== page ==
Gram for gram, uranium is the most power-dense source of fuel we have on the planet. As shown in the XKCD comic above,2 the energy density of uranium is approximately 76,000,000 megajoules per kilogram – more than 1.5 million times that of petrol, and more than 3 million times that of coal. Fission reactors do not release greenhouse gases into the atmosphere, only water vapour from the cooling towers. Due to uranium’s high energy density, very little waste is produced from fission reactors, and with modern conversion practices, the vast majority of it can be recycled into new fuel rods. Ironically, due to uranium and thorium impurities in the fuel, coal plants also release 100 times more radioactive material into the atmosphere than nuclear reactors.3 Even by the standards of the 1980s, the Chernobyl reactors were outdated and poorly maintained. Modern nuclear reactors are much safer than the crumbling relics of the Atomic Era. As the cost of living and the usage of energy increases, governments across the world have two choices if they do not take nuclear into consideration: switch to renewables and force their people to drastically slash their energy consumption, or throw up their hands and go back to fossil fuels. It should not need stating which option has been more palatable with the political class.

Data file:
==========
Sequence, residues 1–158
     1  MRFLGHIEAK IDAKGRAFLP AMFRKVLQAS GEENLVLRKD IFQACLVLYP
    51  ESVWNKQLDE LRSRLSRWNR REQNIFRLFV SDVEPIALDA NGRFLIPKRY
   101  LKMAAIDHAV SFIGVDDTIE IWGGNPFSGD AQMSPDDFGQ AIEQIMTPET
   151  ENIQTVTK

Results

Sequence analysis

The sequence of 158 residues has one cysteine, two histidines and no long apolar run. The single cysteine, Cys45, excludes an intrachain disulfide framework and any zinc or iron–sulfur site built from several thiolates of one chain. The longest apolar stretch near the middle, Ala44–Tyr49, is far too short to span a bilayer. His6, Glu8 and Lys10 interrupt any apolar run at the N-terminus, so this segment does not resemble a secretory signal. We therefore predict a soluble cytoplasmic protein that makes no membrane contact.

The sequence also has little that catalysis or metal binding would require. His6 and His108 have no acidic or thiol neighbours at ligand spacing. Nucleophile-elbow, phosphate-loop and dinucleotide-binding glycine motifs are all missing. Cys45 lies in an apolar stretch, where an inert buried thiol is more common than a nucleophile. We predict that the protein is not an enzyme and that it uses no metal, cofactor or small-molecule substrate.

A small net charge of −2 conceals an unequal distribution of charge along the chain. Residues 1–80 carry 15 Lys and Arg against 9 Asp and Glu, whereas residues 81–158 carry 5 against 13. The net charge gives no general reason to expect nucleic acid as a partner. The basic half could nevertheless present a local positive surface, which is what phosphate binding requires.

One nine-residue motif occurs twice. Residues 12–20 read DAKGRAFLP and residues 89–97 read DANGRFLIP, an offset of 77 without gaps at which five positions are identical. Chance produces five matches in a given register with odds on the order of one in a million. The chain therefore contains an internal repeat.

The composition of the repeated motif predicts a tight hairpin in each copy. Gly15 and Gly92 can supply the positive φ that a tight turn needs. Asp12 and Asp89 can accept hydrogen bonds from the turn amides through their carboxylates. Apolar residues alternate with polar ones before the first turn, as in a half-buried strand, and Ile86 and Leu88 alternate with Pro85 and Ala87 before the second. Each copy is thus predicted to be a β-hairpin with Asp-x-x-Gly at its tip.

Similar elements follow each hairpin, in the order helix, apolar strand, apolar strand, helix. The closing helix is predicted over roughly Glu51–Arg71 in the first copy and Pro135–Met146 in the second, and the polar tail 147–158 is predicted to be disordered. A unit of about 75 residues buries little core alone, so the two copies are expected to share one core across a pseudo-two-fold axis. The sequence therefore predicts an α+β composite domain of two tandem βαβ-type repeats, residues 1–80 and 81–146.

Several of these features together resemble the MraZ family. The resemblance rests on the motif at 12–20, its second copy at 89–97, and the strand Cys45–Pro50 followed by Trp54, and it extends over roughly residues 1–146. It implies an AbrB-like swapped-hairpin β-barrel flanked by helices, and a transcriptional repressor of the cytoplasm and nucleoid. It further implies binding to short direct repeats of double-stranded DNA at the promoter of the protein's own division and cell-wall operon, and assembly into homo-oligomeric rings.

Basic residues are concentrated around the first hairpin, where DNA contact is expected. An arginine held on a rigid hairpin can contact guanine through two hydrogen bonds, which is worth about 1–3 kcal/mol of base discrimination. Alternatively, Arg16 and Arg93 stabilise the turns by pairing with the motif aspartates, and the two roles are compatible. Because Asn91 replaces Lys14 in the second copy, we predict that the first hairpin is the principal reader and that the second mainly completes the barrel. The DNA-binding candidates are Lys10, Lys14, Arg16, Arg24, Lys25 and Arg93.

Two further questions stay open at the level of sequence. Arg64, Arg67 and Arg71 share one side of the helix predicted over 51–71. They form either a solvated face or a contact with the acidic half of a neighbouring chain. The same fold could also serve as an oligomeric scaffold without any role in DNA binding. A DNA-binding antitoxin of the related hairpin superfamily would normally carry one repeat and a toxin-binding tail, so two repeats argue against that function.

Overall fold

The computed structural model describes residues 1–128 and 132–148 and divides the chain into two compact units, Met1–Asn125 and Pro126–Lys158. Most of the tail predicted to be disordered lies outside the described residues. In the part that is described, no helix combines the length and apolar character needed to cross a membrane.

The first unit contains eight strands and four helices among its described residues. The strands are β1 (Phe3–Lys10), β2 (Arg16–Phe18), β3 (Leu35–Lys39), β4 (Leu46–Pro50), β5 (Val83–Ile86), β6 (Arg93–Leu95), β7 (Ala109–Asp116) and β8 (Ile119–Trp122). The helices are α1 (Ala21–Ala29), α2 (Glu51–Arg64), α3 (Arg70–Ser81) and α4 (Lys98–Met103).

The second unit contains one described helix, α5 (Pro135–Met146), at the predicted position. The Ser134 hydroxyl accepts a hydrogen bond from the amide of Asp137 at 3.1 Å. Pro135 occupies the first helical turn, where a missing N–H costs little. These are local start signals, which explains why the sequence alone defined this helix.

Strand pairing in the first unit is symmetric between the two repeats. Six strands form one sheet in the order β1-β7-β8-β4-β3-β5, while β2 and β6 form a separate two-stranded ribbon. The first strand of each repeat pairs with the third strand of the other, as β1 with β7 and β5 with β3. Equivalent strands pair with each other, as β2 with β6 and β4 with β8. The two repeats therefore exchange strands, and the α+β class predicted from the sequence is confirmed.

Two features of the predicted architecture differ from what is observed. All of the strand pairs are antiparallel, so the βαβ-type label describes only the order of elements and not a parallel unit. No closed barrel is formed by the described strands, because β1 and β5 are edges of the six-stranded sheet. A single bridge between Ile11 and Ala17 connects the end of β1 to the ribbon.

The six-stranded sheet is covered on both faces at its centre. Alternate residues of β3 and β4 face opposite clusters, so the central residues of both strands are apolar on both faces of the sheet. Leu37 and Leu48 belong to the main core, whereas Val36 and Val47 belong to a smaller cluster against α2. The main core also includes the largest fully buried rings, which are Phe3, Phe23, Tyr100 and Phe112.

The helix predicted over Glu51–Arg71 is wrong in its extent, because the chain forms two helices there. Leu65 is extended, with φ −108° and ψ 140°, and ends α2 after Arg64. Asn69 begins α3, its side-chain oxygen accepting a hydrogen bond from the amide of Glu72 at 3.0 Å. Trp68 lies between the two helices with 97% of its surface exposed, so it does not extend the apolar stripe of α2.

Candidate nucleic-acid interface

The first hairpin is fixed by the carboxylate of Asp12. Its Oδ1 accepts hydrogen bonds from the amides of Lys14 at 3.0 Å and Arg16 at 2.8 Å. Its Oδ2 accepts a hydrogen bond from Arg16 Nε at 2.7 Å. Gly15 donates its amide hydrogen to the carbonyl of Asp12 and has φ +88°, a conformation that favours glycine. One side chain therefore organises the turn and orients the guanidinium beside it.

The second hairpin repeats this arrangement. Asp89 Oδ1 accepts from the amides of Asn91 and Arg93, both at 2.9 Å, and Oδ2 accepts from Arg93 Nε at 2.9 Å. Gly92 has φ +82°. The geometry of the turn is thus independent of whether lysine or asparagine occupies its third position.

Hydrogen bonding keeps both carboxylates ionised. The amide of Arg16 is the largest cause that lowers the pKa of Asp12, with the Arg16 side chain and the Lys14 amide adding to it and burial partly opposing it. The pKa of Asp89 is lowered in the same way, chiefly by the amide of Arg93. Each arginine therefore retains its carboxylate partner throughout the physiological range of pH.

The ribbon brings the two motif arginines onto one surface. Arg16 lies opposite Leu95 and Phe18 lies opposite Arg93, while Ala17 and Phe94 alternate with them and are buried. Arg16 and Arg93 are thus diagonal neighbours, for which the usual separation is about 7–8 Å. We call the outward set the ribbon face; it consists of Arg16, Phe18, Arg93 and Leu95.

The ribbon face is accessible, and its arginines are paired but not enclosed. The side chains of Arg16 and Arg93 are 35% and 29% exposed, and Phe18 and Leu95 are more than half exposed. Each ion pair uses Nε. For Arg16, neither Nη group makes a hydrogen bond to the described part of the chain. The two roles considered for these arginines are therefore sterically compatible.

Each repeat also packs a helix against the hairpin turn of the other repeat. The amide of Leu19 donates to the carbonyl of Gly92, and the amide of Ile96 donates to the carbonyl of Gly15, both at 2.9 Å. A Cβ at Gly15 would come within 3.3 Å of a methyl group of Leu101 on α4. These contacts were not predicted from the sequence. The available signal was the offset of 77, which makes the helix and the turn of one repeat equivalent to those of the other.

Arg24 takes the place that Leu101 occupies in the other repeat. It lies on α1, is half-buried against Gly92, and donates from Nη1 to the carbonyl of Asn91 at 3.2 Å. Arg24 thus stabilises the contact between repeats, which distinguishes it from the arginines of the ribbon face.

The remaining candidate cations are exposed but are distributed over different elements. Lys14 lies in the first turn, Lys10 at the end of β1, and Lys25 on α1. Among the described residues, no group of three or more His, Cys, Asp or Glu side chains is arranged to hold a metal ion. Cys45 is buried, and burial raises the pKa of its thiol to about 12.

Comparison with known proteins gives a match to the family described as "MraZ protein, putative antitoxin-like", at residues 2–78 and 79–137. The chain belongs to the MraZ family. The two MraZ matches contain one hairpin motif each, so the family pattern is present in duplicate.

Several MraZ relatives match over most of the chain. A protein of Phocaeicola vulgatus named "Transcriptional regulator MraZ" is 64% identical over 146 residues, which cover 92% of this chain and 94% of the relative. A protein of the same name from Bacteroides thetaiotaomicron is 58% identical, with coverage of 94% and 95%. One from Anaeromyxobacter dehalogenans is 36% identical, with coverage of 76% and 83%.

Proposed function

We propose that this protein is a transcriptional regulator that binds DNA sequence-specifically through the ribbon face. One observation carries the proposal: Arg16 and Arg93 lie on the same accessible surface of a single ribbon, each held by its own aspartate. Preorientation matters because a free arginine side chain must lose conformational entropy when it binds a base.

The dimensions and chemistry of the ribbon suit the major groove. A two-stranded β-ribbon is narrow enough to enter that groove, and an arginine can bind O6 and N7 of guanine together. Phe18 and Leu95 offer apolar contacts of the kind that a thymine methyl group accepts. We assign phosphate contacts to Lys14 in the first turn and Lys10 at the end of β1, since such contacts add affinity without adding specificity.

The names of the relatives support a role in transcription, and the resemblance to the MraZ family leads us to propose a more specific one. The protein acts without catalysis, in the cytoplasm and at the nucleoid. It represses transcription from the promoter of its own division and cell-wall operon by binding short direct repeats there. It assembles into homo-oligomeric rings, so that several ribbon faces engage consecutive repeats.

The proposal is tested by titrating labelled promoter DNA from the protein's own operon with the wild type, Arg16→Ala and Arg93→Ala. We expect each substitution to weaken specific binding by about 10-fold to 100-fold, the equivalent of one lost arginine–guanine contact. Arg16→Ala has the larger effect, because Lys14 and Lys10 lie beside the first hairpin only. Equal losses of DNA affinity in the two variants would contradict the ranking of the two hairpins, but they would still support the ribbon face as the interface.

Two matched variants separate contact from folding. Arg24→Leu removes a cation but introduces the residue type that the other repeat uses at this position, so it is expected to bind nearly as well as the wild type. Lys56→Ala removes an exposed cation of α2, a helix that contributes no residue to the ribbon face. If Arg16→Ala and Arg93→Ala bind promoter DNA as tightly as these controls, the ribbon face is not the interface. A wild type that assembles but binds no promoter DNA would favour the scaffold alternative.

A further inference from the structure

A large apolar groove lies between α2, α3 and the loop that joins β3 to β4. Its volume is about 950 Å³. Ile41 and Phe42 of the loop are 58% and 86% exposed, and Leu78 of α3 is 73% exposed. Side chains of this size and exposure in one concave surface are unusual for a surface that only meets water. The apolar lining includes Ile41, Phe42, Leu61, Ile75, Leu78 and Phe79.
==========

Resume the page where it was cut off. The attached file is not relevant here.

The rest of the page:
But while nuclear power has its upsides, it should not be seen as a miracle cure for climate change. If humanity is to rely on nuclear energy as part of its transition away from fossil fuels, there are several issues that must be addressed. Firstly, due to the specialist knowledge and regulations involved in their construction, building new nuclear power plants is expensive and time-consuming. Enormous volumes of water are also needed to keep nuclear power plants operational, leaving them susceptible to droughts; a problem that will only be exacerbated as global temperatures continue to rise. Furthermore, while the environmental effects of nuclear waste aren’t quite as dramatic as The Simpsons would have us believe, it still poses a large risk to human health. Plutonium-239 and neptunium-237, two radioisotopes produced through commercial nuclear fission, are alpha-emitters with half-lives of 24,110 years and 2.14 million years, respectively.4,5 Plutonium-239 can also be used as a fissile component in nuclear warheads, raising questions of global security if nuclear power were to be expanded across the globe. And while fission reactors do not release CO2 on their own, the carbon costs of mining and processing uranium ore into fuel rods should not be ignored.6